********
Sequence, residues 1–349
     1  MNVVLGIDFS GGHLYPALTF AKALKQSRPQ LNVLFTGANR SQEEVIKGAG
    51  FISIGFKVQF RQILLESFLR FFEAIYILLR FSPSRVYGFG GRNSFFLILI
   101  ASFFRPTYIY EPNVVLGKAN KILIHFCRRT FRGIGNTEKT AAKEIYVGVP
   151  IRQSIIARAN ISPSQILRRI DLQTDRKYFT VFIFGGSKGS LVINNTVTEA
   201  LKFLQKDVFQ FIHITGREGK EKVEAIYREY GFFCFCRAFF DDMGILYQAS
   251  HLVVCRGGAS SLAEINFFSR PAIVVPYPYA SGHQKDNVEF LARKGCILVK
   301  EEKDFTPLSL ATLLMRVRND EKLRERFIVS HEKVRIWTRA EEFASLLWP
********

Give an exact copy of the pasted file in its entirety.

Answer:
Sequence, residues 1–349
     1  MNVVLGIDFS GGHLYPALTF AKALKQSRPQ LNVLFTGANR SQEEVIKGAG
    51  FISIGFKVQF RQILLESFLR FFEAIYILLR FSPSRVYGFG GRNSFFLILI
   101  ASFFRPTYIY EPNVVLGKAN KILIHFCRRT FRGIGNTEKT AAKEIYVGVP
   151  IRQSIIARAN ISPSQILRRI DLQTDRKYFT VFIFGGSKGS LVINNTVTEA
   201  LKFLQKDVFQ FIHITGREGK EKVEAIYREY GFFCFCRAFF DDMGILYQAS
   251  HLVVCRGGAS SLAEINFFSR PAIVVPYPYA SGHQKDNVEF LARKGCILVK
   301  EEKDFTPLSL ATLLMRVRND EKLRERFIVS HEKVRIWTRA EEFASLLWP